Set in 1916, Far Bright Star follows Napoleon Childs, an aging cavalryman, as he leads an expedition of inexperienced soldiers into the mountains of Mexico to hunt down Pancho Villa and bring him to justice. Though he is seasoned at such missions, things go terribly wrong and the patrol is brutally attacked. After witnessing the demise of his troops, Napoleon is left by his captors to die in the desert.
Through him we enter the conflicted mind of a warrior as he tries to survive against all odds, as he seeks to make sense of a lifetime of senseless wars and to reckon with the reasons a man would choose a life on the battlefield. Olmstead, an award-winning writer, uses his precise, descriptive prose to explore the endurance and fate of the last horse soldiers. The result is a tightly wound novel that is as moving as it is terrifying.
THUS FAR THE SUMMER of 1916 had been a siege of wrathy wind and heated air. Dust and light. Sand and light. Wind and light.
There was drought and the land was parched and dry and the country bleached, burned out, and furnacelike. At first, dogs attended the troopers, but then they experienced a plague of fleas, so the order went out to shoot the dogs.
It was 125 miles south of the international line in Colonia Dublán where the expedition had established its headquar-ters. They were well supplied. They shipped in tons of ma-terial by rail, truck, and mule team and employed thousands of civilian workers. The cantinas and whorehouses were open all night long and the only hardship, other than being there, was riding out each day to patrol the dry dusty roads. They were in search of Poncho Villa and his bandits who on March 9 audaciously attacked Columbus, New Mexico, burning, looting, killing, and theyd been hunting him ever since.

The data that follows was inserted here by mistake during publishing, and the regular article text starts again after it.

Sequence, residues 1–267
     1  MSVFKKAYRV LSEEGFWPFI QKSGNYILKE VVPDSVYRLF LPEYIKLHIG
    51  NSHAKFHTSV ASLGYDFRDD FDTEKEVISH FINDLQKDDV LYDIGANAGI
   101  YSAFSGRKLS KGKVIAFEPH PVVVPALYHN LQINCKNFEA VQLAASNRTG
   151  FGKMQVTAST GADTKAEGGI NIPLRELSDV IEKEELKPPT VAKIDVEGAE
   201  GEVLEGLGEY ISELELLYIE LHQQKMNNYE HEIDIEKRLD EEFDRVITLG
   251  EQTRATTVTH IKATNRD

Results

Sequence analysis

But everywhere they went it was the ...
Although Far Bright Star has become one of my favorite books, it will not appeal to all readers. First, the author's writing style may annoy as many as it attracts, as it's so atypical of most current prose; some may consider it genius while others will think it overly affected. More importantly, the book contains scenes of intense brutality. I rarely have any difficulty reading about people inflicting harm on others; in Far Bright Star, though, some fairly horrific events are depicted so graphically that I found them truly disturbing, with long-lasting afterimages.
(Reviewed by Kim Kovacs).
Full Review (1185 words).
In Far Bright Star, Cavalryman Napoleon Childs is a member of an expedition sent to the Mexican border to apprehend bandit Pancho Villa.
Many details of Villa's life are unknown or in dispute. Scholars believe he was born José Doroteo Arango Arambula in 1877 (some sources indicate 1878 or 1879) in San Juan del Rio, Durango, Mexico. He was the son of an impoverished sharecropper who died when Villa was fifteen. Legend has it that at the age of sixteen Villa returned from a day in the fields to find the wealthy hacienda owner attempting to rape his twelve-year-old sister. Villa shot the man and fled to the hills where he banded with other outlaws during the years that ...
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"Family saga, mystery, and myth intersect in Feldman's debut novel." - Booklist
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